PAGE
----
Guyana’s ‘very low’ production cost expected to yield big returns

-Exxon VP tells earnings call

With the start of oil production here slated for March, 2020, ExxonMobil says that a market price of even US$40 per barrel would still yield significant returns given that the cost is “very low.”

“When you think about some of the deepwater areas that we’re in, Guyana is a great example. While we’ve had that acreage for a while, some of our technology that we’ve applied to sub-surface imaging has really positioned us well to see things that others historically had not seen there. And you’ve seen the result. We’ve got six very substantial discoveries there and the economics are very robust. At a $40 flat rail, we’re talking about double digit returns. The cost of supply for Guyana is very low. And I think we are – as with our partners are very well positioned to capitalize on it and we’re leveraging our global deepwater capabilities in doing so,” Jeff Woodbury, Vice President of Investor Relations and Secretary at Exxon Mobil Corporation, told analysts during a February 2nd conference call on the company’s Fourth Quarter earnings for 2017.

He was at the time responding to a question about the company’s investment in deepwater exploration against the cost.

“We’re picking up additional exploration potential. Think about it this way. In terms of how we focus our exploration pursuits, it’s primarily in two key areas. One is where we can get into new play opening opportunities that we see a very high quality potential resource that would compete with global investment opportunities that we believe has a very – assuming we achieve the objectives of the exploration program, we’ll have a clear path to profitability relative to our other investment opportunities in the portfolio. The second area is where we have existing infrastructure and we see significant high quality potential that we can bring on and start generating revenue pretty quick,” Woodbury said before expanding on the Guyana exploration.

Earlier in the call, Woodbury noted the continued success offshore Guyana, where the company and its partners have made six discoveries in the Stabroek block.

In announcing the most recent discovery at its Ranger-1 well in January,

Exxon said it found over 230-feet of oil-bearing carbonate reservoirs and Woodbury noted that the company is encouraged by the results and has further work ahead to determine the full commercial potential of the resource. “We’ll likely drill a delineation well later this year,” he said.

450,000 barrels of oil per day

Excluding the Ranger discovery, Exxon has said that it has discovered more than 3.2 billion oil equivalent barrels of recoverable resource on the Stabroek block.

Woodbury also explained that the phase development of the Liza discovery is progressing with Phase 1 on track for first oil in March of 2020. He noted that development drilling is planned for commencement this year. “A second drilling rig is [en] route to Guyana and we envision a two-rig drilling program through the end of the year,” he added.

He also noted that an application for environmental permit to develop the second phase of Liza, with start-up expected by mid-2022, has been submitted, while the development of the Payara is expected to follow. “Payara is now planned as the third development offshore Guyana, mostly following Liza Phase 2. Payara has the potential to raise Guyana’s production to about 450,000 barrels of oil per day in total,” Woodbury said.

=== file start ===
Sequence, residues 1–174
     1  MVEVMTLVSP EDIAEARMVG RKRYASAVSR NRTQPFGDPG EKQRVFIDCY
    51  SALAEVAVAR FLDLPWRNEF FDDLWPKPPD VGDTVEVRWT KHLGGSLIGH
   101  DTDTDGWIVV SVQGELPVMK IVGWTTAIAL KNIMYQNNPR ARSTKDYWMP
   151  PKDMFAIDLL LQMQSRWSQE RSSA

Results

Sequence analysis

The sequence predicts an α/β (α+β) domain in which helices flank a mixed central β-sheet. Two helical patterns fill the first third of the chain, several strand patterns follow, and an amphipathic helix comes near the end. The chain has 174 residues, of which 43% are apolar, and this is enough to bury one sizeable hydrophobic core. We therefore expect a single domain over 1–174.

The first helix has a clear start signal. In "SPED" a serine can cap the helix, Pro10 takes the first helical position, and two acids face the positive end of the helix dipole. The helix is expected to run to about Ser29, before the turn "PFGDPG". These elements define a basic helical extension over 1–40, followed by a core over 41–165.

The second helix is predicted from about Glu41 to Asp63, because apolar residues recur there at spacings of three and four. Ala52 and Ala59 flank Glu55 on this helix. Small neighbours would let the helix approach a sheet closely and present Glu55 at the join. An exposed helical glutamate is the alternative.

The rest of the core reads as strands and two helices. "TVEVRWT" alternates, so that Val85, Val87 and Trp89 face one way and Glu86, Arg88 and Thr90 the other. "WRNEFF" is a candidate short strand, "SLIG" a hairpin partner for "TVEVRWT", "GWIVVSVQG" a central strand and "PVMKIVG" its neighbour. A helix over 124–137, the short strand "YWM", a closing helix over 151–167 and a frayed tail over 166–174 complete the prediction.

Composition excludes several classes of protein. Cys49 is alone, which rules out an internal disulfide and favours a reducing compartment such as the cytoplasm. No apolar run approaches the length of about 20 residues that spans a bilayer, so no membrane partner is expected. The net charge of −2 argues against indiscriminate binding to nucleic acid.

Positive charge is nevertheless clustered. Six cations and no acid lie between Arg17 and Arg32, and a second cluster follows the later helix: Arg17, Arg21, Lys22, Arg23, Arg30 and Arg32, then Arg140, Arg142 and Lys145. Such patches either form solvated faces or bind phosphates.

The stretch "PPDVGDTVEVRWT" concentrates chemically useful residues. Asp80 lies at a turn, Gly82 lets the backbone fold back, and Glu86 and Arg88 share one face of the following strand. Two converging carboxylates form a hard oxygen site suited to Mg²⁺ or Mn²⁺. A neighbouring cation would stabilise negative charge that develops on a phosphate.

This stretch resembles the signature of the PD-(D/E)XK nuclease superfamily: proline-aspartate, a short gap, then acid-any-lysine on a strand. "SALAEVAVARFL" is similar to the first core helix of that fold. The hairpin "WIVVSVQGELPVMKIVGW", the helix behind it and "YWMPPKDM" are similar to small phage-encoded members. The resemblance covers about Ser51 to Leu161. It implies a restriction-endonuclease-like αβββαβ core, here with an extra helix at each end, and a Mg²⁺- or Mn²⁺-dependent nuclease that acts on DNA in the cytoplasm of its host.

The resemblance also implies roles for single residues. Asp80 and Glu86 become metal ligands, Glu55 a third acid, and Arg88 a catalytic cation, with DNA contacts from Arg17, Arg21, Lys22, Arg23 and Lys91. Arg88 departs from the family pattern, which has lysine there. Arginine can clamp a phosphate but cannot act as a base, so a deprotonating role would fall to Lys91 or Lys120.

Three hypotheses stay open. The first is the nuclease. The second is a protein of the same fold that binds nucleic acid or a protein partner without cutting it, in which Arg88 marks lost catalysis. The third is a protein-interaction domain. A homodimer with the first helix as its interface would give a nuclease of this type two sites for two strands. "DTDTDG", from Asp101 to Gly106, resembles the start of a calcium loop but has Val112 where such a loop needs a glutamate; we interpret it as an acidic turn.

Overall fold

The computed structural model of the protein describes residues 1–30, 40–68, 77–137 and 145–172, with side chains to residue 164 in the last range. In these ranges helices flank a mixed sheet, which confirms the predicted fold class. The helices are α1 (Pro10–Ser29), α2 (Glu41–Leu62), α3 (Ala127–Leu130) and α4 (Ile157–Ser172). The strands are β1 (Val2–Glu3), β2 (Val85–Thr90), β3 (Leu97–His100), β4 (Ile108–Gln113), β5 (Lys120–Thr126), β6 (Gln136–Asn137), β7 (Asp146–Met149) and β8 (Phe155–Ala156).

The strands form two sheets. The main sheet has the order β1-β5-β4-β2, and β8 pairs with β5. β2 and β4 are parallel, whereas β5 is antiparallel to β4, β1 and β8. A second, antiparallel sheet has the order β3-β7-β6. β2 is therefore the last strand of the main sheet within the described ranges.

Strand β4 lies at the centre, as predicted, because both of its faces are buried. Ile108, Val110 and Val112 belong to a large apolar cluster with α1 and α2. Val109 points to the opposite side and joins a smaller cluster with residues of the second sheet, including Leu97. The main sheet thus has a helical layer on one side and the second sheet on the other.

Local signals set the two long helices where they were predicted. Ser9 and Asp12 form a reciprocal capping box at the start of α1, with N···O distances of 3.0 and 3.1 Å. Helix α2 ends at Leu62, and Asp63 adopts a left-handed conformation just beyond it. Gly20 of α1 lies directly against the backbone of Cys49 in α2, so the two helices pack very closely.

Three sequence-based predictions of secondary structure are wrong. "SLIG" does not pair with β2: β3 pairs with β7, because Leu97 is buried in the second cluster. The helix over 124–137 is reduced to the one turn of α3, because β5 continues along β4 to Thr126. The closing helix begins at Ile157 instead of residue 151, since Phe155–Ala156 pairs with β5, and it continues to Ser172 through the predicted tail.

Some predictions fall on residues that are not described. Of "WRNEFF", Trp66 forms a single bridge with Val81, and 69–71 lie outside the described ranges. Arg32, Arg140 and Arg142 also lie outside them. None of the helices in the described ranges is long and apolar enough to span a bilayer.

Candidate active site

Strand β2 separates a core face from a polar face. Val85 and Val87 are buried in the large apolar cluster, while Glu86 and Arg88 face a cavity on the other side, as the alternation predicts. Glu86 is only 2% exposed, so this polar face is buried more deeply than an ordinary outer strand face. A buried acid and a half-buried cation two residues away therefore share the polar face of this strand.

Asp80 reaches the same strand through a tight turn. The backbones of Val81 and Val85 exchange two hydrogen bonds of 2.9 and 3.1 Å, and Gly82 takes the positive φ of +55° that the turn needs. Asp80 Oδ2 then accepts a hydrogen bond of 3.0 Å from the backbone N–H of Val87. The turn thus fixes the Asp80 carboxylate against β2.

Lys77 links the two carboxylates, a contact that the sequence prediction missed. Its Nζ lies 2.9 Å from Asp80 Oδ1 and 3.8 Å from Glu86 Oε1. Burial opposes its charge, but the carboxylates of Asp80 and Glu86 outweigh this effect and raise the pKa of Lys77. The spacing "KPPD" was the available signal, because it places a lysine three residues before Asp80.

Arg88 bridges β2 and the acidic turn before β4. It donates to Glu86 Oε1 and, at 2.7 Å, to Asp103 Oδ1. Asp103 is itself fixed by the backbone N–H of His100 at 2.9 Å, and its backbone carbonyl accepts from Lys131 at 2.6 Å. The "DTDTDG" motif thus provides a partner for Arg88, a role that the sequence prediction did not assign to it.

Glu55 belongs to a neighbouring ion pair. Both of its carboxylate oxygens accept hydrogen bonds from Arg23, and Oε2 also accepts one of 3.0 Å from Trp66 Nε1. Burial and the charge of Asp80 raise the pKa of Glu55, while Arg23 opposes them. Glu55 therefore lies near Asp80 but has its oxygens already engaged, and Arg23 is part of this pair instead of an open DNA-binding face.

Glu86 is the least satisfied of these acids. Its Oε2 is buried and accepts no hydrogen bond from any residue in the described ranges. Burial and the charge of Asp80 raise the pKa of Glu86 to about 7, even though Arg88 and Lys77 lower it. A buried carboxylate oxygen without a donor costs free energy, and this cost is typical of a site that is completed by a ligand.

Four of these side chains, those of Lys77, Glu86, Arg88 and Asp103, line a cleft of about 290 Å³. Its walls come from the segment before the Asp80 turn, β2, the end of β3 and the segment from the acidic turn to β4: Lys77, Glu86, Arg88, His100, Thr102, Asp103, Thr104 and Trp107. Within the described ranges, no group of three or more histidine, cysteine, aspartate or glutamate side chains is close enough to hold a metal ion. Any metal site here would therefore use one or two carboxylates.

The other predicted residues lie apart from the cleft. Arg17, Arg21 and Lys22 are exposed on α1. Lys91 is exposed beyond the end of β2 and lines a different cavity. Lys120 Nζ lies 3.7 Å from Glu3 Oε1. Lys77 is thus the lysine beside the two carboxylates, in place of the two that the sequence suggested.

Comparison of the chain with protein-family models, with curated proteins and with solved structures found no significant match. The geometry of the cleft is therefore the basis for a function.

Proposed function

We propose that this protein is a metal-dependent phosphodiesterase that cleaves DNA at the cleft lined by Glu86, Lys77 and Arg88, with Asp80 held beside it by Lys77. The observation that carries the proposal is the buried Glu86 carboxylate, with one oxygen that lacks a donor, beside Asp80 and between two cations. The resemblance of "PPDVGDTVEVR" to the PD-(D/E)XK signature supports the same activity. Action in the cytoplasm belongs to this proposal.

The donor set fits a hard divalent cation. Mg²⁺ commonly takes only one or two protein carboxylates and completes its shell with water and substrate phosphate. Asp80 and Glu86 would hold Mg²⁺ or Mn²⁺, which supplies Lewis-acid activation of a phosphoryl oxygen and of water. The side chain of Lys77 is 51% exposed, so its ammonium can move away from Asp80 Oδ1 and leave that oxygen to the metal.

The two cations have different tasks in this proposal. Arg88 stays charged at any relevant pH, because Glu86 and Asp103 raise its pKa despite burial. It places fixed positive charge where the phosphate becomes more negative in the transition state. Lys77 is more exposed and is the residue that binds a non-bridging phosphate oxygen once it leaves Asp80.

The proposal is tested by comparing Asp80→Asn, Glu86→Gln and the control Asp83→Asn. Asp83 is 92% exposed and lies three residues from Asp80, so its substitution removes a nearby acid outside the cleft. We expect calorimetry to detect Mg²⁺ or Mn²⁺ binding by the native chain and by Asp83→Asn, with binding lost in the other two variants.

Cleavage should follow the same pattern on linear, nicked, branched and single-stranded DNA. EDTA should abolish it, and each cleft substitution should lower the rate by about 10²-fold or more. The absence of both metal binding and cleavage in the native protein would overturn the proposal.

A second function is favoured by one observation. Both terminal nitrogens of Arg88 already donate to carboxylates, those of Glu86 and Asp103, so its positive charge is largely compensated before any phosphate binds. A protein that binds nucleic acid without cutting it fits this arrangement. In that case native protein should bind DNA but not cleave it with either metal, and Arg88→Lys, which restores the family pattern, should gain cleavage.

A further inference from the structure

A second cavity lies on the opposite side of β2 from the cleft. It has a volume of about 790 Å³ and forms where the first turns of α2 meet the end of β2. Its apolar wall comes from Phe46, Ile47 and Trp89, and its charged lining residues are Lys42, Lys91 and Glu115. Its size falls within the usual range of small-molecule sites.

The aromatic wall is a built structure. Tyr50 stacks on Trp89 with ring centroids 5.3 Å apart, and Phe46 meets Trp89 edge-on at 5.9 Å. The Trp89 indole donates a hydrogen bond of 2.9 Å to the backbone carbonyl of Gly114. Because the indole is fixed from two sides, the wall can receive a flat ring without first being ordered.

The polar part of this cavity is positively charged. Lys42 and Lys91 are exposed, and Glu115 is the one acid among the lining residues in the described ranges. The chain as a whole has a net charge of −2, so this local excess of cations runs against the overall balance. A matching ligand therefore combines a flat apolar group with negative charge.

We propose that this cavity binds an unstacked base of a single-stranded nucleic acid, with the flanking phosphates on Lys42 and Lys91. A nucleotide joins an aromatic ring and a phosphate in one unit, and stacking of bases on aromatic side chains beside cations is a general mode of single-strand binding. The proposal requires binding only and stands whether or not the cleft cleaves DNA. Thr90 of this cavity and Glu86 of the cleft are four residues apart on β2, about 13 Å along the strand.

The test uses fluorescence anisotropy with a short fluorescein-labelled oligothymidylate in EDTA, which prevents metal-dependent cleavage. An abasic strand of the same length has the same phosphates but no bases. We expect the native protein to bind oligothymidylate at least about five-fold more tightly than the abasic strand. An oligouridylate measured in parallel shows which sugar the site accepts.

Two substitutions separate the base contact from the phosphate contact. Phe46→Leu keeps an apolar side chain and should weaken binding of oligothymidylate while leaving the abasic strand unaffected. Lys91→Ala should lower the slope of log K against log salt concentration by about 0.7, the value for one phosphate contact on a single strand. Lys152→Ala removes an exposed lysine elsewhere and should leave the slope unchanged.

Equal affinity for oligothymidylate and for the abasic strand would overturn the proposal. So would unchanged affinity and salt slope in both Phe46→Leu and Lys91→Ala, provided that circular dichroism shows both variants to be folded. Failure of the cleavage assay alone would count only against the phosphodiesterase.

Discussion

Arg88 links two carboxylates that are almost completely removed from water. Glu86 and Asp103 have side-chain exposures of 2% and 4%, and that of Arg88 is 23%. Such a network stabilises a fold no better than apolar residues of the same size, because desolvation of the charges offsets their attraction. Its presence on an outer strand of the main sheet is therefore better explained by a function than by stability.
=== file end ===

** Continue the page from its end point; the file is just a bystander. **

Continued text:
Sources have told Stabroek News that the current APNU+AFC has “much riding on oil production in 2020” and it is one of the reasons that the Production Sharing Agreement (PSA) with ExxonMobil and its partners was renegotiated sooner than its 2018 expiration date.

“Many persons are criticizing the PSA and the terms therein without realizing that both sides wanted something from an earlier production licence being issued. Government seems to have made it known that it wanted things fast tracked to get production by at least 2020 and there is where the negotiating power fell through a bit,” one source explained.

“Exxon was saying it wanted the licence and getting that would mean renegotiating earlier than planned but I think some persons were afraid also that they say they could wait until 2018 if there were more demands on them. But that would have put their production licence on hold and we don’t know when production would have started.  You see you have to understand, as the case may be, that there is much riding on oil production in 2020, so it is kind of a locked in gamble. Exxon don’t have an election in 2020, Guyana does,” the source added.

General and regional elections are expected to be held in 2020, although it is unclear what month they will be held.

There have been arguments put forward by observers and even government advisor on petroleum Jan Mangal that auctioning of the country’s remaining blocks might yield more revenues that can immediately be used by a cash strapped nation like Guyana rather than through a PSA, where profits would be split 50-50 after cost recovery.

However, other experts have said that bilateral negotiations might be better suited to a developing nation like Guyana since it gives room to choose which company operates here as opposed to picking the highest bidder from a potentially unfriendly nation.

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